HARRISBURG, Pa.–The controversial legislation requiring photo identification to vote in Pennsylvania was never enforced at the polls Nov. 6, with a court order delaying its implementation until 2013. But the uproar that flared up over the issue clearly inflamed liberal organizations and political operations, with most sources Human Events talked to here concluding that it helped the turn out for Democrats in the Keystone State.
“The issue itself energized the left — no question about it,” Lowman Henry, president of the Pennsylvania Leadership Council, told us during his group’s post-election summit here, “but because the enforcement of the Voter ID law was delayed, we never got any benefits from it on November 6.”
Since the Republican-controlled legislature passed the controversial measure and it was signed into law by GOP Gov. Tom Corbett, Henry said, “Voter ID became as much a rallying cry for the left as Obamacare was for the right. Liberal Democratic political clubs throughout Pennsylvania as well as many black pastors in major cities denounced it in no-uncertain-terms and clearly made a major cause out of turning out voters for the Democrats.”
Sources in Philadelphia told Human Events that the denunciations of the voter ID law were particularly spirited and widespread in their city. Local Republicans led by City Commissioner Al Schmidt (the lone GOP member of the three-member commission that oversees elections in Philadelphia) had made much of cases from the 2008 primary of voters cast under false names or by people who had not lived in the place listed on voter rolls for years.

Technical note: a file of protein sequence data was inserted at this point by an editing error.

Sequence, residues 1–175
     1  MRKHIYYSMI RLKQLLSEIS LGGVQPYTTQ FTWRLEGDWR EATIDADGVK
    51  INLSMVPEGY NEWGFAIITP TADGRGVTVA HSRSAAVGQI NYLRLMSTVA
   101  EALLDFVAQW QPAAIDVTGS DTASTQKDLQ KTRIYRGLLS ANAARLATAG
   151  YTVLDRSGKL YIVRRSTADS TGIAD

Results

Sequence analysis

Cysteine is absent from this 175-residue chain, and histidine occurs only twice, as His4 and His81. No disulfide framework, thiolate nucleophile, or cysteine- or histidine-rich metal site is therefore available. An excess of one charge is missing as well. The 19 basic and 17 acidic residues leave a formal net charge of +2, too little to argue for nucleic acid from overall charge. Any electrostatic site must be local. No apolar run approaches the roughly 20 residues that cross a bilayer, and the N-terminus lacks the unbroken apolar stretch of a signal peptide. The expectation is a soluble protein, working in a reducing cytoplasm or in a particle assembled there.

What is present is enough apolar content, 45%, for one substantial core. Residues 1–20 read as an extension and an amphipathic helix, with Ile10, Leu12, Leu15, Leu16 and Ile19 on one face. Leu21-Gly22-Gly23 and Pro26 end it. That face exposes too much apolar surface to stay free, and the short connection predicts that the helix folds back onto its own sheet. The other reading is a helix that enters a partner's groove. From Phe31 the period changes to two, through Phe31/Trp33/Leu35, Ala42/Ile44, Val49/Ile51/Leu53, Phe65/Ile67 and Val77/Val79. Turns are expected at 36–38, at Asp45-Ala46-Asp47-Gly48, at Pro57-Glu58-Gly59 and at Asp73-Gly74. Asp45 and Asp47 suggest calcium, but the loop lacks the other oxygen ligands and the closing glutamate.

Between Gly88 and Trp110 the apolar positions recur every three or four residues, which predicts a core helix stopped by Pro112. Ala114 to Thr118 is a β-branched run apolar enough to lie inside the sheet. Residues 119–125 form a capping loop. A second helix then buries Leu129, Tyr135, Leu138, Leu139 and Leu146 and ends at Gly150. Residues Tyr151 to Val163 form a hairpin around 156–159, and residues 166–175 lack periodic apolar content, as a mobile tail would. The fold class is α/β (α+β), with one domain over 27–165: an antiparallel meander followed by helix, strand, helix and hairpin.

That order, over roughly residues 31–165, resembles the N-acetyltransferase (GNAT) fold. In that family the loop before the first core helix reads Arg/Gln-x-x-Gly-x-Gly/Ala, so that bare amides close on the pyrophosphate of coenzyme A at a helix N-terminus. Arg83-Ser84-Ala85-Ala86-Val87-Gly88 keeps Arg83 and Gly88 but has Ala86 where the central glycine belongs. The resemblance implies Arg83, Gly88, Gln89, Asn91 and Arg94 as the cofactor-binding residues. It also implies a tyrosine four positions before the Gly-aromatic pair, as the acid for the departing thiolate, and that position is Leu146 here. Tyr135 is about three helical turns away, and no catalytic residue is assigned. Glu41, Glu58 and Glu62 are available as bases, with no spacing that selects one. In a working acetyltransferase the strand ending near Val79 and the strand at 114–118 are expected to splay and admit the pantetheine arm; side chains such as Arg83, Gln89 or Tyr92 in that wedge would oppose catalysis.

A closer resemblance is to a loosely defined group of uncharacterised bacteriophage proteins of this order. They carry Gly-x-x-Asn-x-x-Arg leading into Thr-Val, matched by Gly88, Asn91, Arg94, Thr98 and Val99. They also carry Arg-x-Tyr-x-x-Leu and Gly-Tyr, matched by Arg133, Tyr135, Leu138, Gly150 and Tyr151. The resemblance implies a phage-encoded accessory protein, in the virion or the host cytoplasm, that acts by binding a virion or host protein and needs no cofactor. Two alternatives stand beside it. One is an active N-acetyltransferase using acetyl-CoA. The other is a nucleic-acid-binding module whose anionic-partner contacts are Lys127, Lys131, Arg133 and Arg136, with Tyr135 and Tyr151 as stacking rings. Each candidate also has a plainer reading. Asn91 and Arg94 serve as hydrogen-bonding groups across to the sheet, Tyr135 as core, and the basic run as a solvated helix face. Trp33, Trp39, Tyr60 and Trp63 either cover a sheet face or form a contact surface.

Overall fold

“This infuriated the black clergy and local civic groups such as the Committee of Seventy, which resented all the charges of voter fraud going on in Philadelphia,” said one Philadelphia attorney who has long dealt with voter verification issues. “And even after the judge delayed implementation of the voter ID law, there were commercials being run reminding voters the law would be enforced next year. This just got the opponents more worked up.”
On Nov. 6, Barack Obama drew nearly 85 percent of the vote out of Philadelphia, with 59 election precincts reporting no votes for Mitt Romney. Lowman Henry believes that the turnout generated by anti-voter ID forces was key in the loss of at least one of the three state senate seats that flipped from Republican to Democrat throughout the state and helped Democrats comfortably win all three statewide offices on the ballot: auditor general, treasurer, and attorney general, along with booster Democratic Sen. Bob Casey to a victory over Republican Tom Smith.
“Tom just couldn’t overcome the big vote for Casey that came out of Philadelphia,” said Henry.
In 2013, voter ID will be enforced in Pennsylvania–but even before its enforcement, Republicans have seemingly paid a price for it at the polls in 2012.
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